Climate data for Virginia, Minnesota
Month Jan Feb Mar Apr May Jun Jul Aug Sep Oct Nov Dec Year
Average high °C (°F) -8.9
(16)
-4.4
(24)
2.2
(36)
10.6
(51)
18.9
(66)
23.3
(74)
25
(77)
23.9
(75)
17.8
(64)
11.1
(52)
0.6
(33)
-6.1
(21)
9.4
(49)
Average low °C (°F) -21.1
(-6)
-16.7
(2)
-10
(14)
-2.8
(27)
3.9
(39)
8.9
(48)
11.7
(53)
10.6
(51)
6.1
(43)
0
(32)
-8.3
(17)
-17.2
(1)
-2.8
(27)
Precipitation mm (inches) 20
(0.8)
13
(0.5)
28
(1.1)
41
(1.6)
69
(2.7)
117
(4.6)
99
(3.9)
94
(3.7)
86
(3.4)
64
(2.5)
36
(1.4)
18
(0.7)
688
(27.1)
Source: Weatherbase


Economy

Virginia is located on the Mesabi Range, one of the sub-regions within Minnesota's Iron Range. Virginia is considered the commerce center of the Mesabi Range. Virginia serves as a shopping, industrial, educational, and medical hub for the surrounding communities.

The Rouchleau open pit iron mine, now closed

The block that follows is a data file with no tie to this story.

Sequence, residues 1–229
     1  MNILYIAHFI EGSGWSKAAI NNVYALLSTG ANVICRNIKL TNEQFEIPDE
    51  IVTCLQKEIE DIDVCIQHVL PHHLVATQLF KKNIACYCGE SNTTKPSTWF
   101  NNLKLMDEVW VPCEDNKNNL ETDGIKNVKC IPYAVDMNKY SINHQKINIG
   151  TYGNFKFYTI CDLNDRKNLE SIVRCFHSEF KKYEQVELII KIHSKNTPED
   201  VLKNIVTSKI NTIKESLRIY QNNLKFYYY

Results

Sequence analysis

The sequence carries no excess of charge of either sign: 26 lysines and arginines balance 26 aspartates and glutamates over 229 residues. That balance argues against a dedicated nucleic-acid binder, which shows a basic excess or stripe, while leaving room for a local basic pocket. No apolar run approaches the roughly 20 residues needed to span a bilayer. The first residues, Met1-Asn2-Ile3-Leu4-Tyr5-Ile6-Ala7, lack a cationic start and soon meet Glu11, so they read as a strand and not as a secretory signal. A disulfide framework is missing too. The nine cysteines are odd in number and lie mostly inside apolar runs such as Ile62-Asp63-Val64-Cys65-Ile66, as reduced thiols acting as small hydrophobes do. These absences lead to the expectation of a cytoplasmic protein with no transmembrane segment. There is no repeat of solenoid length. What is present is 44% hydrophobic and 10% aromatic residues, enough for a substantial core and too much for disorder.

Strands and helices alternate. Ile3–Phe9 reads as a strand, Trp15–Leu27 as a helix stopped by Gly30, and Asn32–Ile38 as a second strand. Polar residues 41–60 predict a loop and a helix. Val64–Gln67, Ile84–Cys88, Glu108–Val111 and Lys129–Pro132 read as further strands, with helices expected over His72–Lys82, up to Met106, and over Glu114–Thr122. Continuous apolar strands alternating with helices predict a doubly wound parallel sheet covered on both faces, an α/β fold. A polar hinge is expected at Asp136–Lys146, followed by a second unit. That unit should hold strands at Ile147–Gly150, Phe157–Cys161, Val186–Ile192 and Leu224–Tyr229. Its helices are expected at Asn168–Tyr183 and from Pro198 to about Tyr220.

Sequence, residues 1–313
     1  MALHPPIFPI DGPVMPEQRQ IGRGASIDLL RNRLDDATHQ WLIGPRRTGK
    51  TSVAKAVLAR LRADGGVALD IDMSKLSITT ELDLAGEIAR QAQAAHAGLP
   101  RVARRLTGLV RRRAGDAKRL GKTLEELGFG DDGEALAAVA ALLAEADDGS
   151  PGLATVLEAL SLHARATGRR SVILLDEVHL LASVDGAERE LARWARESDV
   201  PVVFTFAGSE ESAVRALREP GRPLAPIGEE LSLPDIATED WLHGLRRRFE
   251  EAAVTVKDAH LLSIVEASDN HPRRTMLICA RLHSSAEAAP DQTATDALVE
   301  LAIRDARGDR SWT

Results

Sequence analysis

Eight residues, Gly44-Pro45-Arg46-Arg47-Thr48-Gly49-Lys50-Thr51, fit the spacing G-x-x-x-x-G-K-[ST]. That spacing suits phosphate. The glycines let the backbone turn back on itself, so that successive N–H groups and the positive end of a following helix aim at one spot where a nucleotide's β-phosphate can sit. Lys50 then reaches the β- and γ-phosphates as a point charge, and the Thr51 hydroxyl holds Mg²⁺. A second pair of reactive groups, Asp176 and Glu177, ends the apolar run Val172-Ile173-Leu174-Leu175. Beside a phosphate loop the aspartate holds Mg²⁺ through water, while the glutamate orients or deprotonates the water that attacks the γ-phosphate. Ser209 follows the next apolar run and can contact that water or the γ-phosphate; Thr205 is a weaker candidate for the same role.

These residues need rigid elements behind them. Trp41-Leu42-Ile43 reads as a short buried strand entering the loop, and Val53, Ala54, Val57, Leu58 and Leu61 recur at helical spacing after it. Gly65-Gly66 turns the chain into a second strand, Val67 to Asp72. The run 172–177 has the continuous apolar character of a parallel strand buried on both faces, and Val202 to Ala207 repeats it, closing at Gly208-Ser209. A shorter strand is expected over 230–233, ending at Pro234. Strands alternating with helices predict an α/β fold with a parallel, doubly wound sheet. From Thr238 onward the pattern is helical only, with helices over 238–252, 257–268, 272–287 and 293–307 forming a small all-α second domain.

Sports

Virginia High School is the home of the Blue Devils. Starting with the 2022-23 school year, Virginia and Eveleth-Gilbert High Schools are combining into a new high school, Rock Ridge High School, with new mascot the Wolverines (a blend of the Virginia Blue Devils and the Eveleth-Gilbert Bears).

The main high school sport in Virginia is ice hockey. The primary hockey arena in Virginia is the Miners Memorial Building. A new complex, the Miners Event and Convention Center (MECC), with two planned ice arenas, is under construction. The MECC will incorporate many elements from the old Miners Building into the new construction, like the old Miners ice arena seats.